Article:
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In the last meeting we discussed: Mental mathematics Have you explored this in your school?

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  1. In the last meeting we discussed: Mental mathematics Have you explored this in your school?

  2. Subject Leader Summer 2009

  3. Agenda • Speaking and Listening in Mathematics • The Learning Environment

  4. SpeakingandListening

  5. Aims for session • To reflect on the use of talk in the mathematics lesson in the context of the Williams Review • To become familiar with recent research into different characteristics of effective talk in the classroom • To consider how these characteristics might be developed to enhance children’s mathematical understanding

  6. Williams Report 2008 ‘Talking mathematics should not be seen simply as a rehearsal in class of the vocabulary of mathematics, novel and important though that may be for the young learner. It should extend to high-quality discussion that develops children’s logic, reasoning and deduction skills, and underpins all mathematical learning activity. The ultimate goal is to develop mathematical understanding – comprehension ofmathematical ideas and applications.’

  7. Talk for learning Children need to: • Develop mathematical thinking and reasoning • Use mathematical vocabulary • Have opportunities to communicate effectively in a collaborative group • Be able to be independent and take their own lines of enquiry through group discussions and debates

  8. Describe this group of numbers 12, 2, 6, 18, 9, 3, 4, 1, 2

  9. Effective features of talk (EPPI) Going beyond ‘Initiate, Response, Feedback’ Focusing attention on mathematics rather than ‘getting the answer right’ Working collaboratively with pupils Transformative listening Scaffolding Enhancing pupils’ self-knowledge about using dialogue as a learning experience Encouraging high quality pupil dialogue Inclusive teaching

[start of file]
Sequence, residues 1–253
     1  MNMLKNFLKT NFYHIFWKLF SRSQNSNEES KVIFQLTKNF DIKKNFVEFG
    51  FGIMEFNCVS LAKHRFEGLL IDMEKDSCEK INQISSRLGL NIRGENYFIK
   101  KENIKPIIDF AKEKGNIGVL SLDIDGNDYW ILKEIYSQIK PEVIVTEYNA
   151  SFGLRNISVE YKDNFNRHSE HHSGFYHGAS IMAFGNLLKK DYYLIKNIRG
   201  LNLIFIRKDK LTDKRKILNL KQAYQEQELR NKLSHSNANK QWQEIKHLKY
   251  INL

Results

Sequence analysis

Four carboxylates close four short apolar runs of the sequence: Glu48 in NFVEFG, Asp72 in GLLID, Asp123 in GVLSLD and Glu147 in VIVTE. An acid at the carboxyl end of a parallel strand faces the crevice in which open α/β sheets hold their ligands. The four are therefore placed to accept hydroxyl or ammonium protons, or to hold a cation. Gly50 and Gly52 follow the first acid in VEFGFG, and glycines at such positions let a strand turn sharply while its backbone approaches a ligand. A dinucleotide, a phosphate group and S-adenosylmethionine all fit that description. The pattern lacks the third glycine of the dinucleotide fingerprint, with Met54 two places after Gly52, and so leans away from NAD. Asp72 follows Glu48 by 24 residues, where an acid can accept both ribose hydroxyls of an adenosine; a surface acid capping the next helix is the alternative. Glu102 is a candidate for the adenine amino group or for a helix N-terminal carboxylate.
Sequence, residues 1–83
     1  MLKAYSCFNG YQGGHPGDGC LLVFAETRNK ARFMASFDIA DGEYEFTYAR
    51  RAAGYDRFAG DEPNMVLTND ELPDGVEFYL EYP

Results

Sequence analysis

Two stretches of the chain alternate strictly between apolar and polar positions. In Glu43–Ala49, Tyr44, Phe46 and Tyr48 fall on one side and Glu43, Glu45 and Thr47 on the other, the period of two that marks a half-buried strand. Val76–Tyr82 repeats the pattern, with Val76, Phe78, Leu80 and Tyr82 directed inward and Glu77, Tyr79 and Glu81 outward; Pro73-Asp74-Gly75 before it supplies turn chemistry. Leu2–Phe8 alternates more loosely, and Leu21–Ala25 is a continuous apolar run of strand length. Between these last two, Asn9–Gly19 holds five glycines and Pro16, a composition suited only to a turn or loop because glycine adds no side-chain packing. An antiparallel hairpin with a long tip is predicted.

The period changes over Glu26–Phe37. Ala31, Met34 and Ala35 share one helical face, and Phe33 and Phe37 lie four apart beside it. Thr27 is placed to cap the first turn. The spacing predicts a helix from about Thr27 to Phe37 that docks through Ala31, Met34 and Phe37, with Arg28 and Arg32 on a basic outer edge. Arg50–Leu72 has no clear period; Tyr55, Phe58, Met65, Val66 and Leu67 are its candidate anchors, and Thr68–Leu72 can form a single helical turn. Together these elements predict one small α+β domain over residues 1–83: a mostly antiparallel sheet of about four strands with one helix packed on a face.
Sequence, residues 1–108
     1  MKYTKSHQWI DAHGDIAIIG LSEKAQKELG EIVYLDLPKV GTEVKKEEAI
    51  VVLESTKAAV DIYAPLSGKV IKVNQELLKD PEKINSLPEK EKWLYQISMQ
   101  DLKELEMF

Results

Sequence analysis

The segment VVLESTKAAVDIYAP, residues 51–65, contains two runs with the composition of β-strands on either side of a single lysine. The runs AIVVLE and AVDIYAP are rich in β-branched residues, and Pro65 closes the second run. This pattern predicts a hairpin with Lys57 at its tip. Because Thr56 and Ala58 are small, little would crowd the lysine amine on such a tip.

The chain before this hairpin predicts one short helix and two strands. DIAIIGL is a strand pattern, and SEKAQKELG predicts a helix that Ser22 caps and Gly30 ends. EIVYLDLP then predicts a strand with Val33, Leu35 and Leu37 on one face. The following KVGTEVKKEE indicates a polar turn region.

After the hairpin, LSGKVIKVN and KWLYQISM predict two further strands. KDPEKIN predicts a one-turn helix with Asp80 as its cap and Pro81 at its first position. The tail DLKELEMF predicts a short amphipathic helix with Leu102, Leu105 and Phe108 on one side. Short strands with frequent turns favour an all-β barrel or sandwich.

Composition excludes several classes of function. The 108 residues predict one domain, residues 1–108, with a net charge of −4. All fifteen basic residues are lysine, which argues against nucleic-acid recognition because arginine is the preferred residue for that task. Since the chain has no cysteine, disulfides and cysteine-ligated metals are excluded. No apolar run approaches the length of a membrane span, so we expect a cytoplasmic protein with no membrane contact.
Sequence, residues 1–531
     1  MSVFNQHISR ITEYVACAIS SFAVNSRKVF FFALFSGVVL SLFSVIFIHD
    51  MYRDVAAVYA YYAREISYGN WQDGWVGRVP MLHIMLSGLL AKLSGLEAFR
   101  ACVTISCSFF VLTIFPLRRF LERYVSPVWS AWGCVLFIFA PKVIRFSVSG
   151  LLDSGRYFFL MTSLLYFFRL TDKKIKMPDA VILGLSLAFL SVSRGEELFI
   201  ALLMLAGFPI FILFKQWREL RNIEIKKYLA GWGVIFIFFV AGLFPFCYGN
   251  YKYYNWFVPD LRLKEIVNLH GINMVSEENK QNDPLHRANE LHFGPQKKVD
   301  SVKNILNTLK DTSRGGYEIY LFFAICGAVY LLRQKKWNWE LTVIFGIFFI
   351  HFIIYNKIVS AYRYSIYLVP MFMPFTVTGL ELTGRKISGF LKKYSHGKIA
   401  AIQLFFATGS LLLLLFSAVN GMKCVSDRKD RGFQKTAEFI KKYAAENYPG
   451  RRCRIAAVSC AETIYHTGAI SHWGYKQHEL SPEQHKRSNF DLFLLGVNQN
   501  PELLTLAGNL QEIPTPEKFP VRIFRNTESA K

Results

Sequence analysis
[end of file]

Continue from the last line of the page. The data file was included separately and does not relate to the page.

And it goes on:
10. Assessment opportunities Using planned opportunities for focussed talk, dialogue and discussion teachers develop an understanding of children’s thought processes and ideas.

  11. Three characteristics of talk in more depth • Going beyond ‘Initiate, Response, Feedback’ (IRF) • Encouraging high quality pupil dialogue • Scaffolding

  12. 1. Going beyond IRF • What can you work out? (From the information given) • If you know that, what else do you know? • Can you tell me what your thinking is? • Shall we test that? • Does it work? • Do you still think that is …..? • Do you agree that ………….? • Why is that bit important? • So, what must it be?

  13. 2. High quality pupil dialogue ‘Teachers can respond in an encouraging manner to pupils’ contributions. There is a need for teachers to be accepting towards pupils’ contributions, to encourage pupils to develop their contributions further and indeed, to allow the direction of a lesson to follow the pupil’s contribution. Being accepting towards pupils’ contributions may enhance the quality of the discourse, but may also create a tension for the teacher in wanting to direct pupils’ attention towards mathematically acceptable strategies.’ (Kyriacou, C. Issitt, J. 2008)